A Piece of Prairie
Mill Woods is a naturalization site; its landscaping is intended to mimic the natural growth of the area. It features vegetation native to Alberta—a piece of prairie landscape known to ecologist as the Aspen Parkland biome. It encourages ecological diversity and attracts pollinators, dragonflies and songbirds, among other wildlife. It’s also more environmentally friendly.
What is naturalization?
According to environmental not-for-profit organization Evergreen, “Naturalization is a process of ecological restoration that involves returning an altered or degraded site to a more natural condition through the use of trees, shrubs and flowers that are native to the area.”
It is also a vegetation management strategy used to control and prevent weeds. Once established, it’s difficult for noxious weeds to grow.
Naturalization is part of the City of Edmonton’s Urban Forest Management Plan, opens a new window, which involves a 10-year strategy to increase the city’s tree canopy as well as manage and enhance Edmonton’s diverse urban forest.
The naturalization site at Mill Woods contains a number of native plants, including:
- Trees: Prairie Dream Birch, Trembling Aspen and White Spruce
- Shrubs: Kinnikinnick, Bunchberry and Dwarf-Bush Honeysuckle
- Grasses: Parry’s Cat Grass, Foothills Rough Fescue, Plains Rough Fescue and Baltic Rush
- Wildflowers: Harebells, Dotted Blazing Star, Perennial Blue Flax and Silky Lupine
How long until the landscaping looks nicer?
Naturalization has three phases:
- Stage 1: Natural Growth—stop mowing and let grass grow while continuing to manage weeds
- Stage 2: Establish a Healthy and Diverse Ecosystem—start planting trees and shrubs that are native to Alberta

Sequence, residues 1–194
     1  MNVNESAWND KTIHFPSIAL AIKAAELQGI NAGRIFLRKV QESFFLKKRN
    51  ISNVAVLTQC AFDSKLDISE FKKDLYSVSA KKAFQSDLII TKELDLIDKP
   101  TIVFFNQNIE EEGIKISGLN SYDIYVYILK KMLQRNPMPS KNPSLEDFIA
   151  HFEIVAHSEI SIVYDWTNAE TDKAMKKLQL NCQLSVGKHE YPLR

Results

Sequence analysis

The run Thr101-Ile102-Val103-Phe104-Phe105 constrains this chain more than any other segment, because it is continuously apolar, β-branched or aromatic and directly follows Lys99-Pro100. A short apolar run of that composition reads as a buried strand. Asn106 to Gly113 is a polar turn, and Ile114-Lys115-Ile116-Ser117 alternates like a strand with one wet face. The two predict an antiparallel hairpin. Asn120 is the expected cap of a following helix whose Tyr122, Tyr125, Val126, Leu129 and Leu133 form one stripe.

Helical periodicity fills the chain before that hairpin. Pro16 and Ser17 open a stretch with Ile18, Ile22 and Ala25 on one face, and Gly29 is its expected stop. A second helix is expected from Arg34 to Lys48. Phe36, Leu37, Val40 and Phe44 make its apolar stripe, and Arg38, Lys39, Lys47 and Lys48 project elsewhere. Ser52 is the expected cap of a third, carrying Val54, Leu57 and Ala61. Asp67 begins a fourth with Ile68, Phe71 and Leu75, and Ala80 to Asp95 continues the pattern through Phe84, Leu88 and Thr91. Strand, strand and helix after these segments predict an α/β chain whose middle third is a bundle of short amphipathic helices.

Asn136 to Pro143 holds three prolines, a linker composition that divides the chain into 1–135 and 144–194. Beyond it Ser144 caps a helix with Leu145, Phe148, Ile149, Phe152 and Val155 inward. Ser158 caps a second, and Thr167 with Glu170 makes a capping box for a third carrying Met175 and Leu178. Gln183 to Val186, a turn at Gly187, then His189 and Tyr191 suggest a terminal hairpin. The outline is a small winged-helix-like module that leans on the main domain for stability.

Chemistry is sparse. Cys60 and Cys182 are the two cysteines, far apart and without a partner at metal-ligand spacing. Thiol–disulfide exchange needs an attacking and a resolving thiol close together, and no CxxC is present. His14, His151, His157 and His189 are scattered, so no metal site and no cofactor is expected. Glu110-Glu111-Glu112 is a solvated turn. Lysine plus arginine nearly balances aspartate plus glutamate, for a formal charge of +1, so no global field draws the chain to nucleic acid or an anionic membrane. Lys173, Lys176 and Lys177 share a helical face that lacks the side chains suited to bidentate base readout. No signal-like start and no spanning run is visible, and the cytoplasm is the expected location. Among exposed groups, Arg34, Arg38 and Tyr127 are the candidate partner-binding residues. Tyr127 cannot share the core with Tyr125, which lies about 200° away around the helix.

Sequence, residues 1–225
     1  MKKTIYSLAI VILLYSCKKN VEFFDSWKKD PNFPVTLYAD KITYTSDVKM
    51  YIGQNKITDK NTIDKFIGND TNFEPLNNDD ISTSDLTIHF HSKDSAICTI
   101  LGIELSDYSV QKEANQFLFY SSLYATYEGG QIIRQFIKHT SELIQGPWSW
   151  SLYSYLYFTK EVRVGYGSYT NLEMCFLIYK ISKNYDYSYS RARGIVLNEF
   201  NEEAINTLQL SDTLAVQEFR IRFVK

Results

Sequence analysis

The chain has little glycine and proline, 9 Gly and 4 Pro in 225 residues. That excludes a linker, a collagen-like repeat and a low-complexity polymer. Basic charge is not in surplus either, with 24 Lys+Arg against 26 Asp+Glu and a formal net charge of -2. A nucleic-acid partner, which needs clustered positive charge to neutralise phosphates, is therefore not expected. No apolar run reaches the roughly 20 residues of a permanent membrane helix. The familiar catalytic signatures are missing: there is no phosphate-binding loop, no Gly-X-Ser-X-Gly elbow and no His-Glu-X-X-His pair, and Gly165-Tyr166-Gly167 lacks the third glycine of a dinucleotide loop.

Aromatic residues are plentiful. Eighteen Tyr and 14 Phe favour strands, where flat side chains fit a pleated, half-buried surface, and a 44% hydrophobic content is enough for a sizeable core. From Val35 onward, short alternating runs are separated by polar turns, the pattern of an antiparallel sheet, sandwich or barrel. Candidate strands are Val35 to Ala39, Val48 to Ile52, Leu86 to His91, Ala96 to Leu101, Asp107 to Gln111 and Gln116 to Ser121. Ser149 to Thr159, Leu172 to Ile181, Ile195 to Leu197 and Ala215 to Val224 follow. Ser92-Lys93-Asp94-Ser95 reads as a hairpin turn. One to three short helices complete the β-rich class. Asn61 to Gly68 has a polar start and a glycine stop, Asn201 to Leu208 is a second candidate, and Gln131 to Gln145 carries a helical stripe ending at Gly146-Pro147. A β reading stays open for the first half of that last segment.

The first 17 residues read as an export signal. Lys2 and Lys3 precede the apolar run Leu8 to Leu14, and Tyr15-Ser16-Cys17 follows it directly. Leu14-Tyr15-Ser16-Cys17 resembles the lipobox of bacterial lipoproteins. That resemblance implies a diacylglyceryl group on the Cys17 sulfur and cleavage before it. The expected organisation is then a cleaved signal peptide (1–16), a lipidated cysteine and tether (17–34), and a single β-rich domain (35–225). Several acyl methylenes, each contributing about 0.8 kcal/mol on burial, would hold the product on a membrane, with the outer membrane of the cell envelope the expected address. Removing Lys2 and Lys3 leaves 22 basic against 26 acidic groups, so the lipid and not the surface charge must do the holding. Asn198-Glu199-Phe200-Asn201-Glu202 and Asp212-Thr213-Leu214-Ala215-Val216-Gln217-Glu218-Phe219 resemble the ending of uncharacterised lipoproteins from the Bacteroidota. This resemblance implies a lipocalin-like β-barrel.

- Stage 3: Biodiversity Enhancement—continue planting smaller native trees, shrubs and wildflowers to help establish a natural balance
After a few years, the ecosystem established in the naturalization site will be better able to defend itself against weeds thanks to several natural defense mechanisms. The naturalization process at Mill Woods is in Stage 1. It will likely continue in that phase for another one to two years.
Are there other sites with natural landscaping in the city?
While Mill Woods is EPL’s first natural landscape, it’s not the only location in Edmonton. There are various places around the city that have also been designated naturalization sites. For example, the bush area surrounding the Whitemud freeway and Rundle Park.
Why would EPL do this?
Naturalization comes with a variety of positive effects, including economic, environmental and quality of life benefits. This type of landscaping:
- Improves air quality because native plants act as carbon sinks that help purify air more effectively than traditional landscaping
- Reduces the need for pesticides as native plants and trees are better equipped to survive in the local climate
- Helps native plants, birds and other wildlife populations re-establish themselves
- Reduces storm water runoff and the associated risk of flooding because trees and shrubs in the landscaping capture rainwater
- Provides windbreaks for snow capture and dust reduction
- Reduces noise levels as dense plantings mature
- Encourages urban environmental stewardship with tree planting through the Roots for Trees program
- Becomes a source of beauty as it matures
- Reduces maintenance costs, specifically mowing
EPL also decided to incorporate naturalization-style landscaping because it helped the building qualify as a LEED candidate, opens a new window.
Where can I learn more?
If you have further questions or concerns, please direct them to the Mill Woods branch, Contact EPL, opens a new window or 311, opens a new window.